The rate of deforestation in the Brazilian Amazon has plummeted by 77% in the past seven years, but annual carbon emissions associated with deforestation have not fallen nearly as much, says a Brazilian study that combines satellite data and biomass maps to model the change. The difference is in large part due to a natural lag as carbon stocks slowly decay and make their way into the atmosphere as carbon dioxide.
Brazil has long had a sophisticated satellite-based system for monitoring deforestation, but translating forest clearance into emissions has remained a challenge. The picture is more complex than often assumed. The area cleared each year decreased from 27,772 square kilometres — a swathe the size of Sicily — in 2004 to 6,418 square kilometres in 2011. A direct conversion of that lost biomass into carbon would suggest a drop in annual carbon dioxide emissions from more than 1.1 billion tonnes of CO2 in 2004 to 298 million tonnes of CO2 — a reduction of nearly 74%.
But numbers calculated by Brazil’s National Institute for Space Research (INPE) in Sao Jose dos Campos using the new model, and released on 13 August, suggest a reduction of only 57% in actual emissions, with the difference due to factors such as the time it takes for roots to decay, and the fact that forest debris cut in one year might be burned in another (see ‘Carbon lag’). A paper describing the model was published last week (A. P. D. Aguiar et al. Global Change Biology http://doi.org/h7g; 2012).
“We don’t know how the government is going to use this information at this point, but what we are trying to express is that this is a more correct way to understand carbon emissions,” says Jean Ometto, a researcher at INPE who helped to develop the system. He estimates that efforts to forestall deforestation in the Amazon have lowered Brazil’s overall carbon emissions by roughly 17% since 2004.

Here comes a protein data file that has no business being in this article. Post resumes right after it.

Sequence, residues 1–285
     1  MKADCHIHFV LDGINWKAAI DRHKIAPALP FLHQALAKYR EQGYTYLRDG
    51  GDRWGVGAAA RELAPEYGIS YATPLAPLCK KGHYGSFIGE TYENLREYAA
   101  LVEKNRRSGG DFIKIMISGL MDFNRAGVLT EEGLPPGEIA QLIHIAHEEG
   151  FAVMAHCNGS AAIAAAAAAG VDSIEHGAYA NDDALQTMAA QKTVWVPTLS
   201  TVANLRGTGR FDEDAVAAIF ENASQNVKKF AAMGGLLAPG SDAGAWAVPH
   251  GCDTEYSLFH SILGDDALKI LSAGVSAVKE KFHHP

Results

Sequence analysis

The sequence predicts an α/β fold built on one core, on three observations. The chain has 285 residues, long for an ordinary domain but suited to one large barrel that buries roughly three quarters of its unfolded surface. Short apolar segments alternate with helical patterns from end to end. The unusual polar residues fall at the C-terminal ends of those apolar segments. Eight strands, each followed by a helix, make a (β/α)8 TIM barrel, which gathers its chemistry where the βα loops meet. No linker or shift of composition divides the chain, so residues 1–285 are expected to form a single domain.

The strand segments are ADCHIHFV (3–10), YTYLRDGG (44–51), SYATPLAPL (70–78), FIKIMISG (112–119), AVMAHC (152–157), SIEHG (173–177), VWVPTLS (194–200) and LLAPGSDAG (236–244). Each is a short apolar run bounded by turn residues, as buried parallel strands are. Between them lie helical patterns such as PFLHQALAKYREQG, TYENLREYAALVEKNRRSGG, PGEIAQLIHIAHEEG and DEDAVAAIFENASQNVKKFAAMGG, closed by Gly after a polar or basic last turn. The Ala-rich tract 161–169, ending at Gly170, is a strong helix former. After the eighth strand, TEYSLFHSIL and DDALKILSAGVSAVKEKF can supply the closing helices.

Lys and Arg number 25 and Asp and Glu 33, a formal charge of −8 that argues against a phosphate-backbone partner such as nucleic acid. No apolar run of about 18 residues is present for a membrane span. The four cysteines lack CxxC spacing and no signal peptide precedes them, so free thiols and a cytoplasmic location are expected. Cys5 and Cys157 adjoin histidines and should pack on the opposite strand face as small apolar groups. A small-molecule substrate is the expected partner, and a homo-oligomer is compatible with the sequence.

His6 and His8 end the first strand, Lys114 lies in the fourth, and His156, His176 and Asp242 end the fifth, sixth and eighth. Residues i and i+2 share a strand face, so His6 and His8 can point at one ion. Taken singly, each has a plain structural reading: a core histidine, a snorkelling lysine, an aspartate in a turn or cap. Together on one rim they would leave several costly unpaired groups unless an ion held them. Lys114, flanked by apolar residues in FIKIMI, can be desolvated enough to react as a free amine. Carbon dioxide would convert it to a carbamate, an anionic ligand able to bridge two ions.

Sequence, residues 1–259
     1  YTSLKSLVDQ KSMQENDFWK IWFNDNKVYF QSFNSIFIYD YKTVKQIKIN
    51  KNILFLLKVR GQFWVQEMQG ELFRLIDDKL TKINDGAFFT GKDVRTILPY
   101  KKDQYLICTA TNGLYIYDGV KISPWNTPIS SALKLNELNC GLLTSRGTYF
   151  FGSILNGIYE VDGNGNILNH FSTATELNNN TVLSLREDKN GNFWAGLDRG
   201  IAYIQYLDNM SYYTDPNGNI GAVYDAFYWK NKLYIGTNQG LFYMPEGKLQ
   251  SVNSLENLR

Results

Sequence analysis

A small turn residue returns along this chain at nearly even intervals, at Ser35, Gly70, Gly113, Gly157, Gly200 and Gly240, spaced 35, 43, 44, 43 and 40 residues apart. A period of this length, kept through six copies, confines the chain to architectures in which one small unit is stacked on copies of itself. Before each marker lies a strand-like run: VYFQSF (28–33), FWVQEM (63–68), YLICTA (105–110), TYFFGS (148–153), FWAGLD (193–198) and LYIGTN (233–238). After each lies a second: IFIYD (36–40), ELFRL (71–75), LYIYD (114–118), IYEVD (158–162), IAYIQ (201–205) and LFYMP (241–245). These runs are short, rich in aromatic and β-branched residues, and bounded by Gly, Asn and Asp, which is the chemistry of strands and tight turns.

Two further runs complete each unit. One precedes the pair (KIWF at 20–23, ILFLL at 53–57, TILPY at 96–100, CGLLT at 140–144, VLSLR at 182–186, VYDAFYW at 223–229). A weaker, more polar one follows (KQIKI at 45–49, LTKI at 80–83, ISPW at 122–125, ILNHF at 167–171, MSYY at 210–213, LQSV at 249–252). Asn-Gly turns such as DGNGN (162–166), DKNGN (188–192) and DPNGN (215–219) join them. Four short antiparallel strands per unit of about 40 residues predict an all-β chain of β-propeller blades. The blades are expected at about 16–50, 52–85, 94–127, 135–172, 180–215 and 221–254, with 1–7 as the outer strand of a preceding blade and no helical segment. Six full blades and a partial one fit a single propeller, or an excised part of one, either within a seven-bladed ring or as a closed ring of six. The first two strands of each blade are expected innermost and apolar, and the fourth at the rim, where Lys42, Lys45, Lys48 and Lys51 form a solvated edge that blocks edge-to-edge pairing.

The model is a milepost for scientists and policy-makers working at the intersection of forestry, agriculture and global warming. Many scientists are busy linking satellite measurements to field and aerial studies to create more accurate maps of forest biomass, which can then be used to calculate emissions. INPE’s new model carries that work forward, allowing Brazilian scientists to provide annual estimates of both deforestation and carbon emissions, and setting the stage for a deeper analysis of the impacts of logging, agriculture and forest regrowth.
Richard Houghton, a forestry expert at the Woods Hole Research Center in Falmouth, Massachusetts, says that the actual results are not necessarily surprising. But he credits INPE with developing a solid emissions model that will help Brazil build on its forest-monitoring system and tackle emissions in a serious way. “That’s where you’d like the rest of the world to be, where Brazil is.”
INPE’s analysis confirms earlier findings that deforestation is gradually moving into denser forests, which means that emissions per hectare are increasing. The results also suggest that forest regrowth has had little impact on net emissions because many secondary forests are periodically chopped down. INPE scientists say that secondary forests could have a significant impact on net emissions if allowed to regrow.
One question about the model is how to represent emissions due to logging. INPE scientists assume that some logging has already taken place in clear-cut areas, but they are still working on ways to account for broader timber operations. Earlier research suggests that fully accounting for logging could roughly double overall emissions from the Amazon (Science 310, 480–482; 2005).
And Sandra Brown, a forestry expert at the non-profit organization Winrock International, based in Arlington, Virginia, asks whether it makes sense to highlight the time lags involved in emissions, which could increase public uncertainty and run the risk of confusing policy-makers. At the same time, she says, scientists do need to better understand the way carbon is cycling through forests. And she says the next major challenge is for INPE to build the effects of widespread logging operations into its emissions model.
“They’ve got the equipment, and they’ve got the know-how, and they’ve got the resources to do it,” she says.
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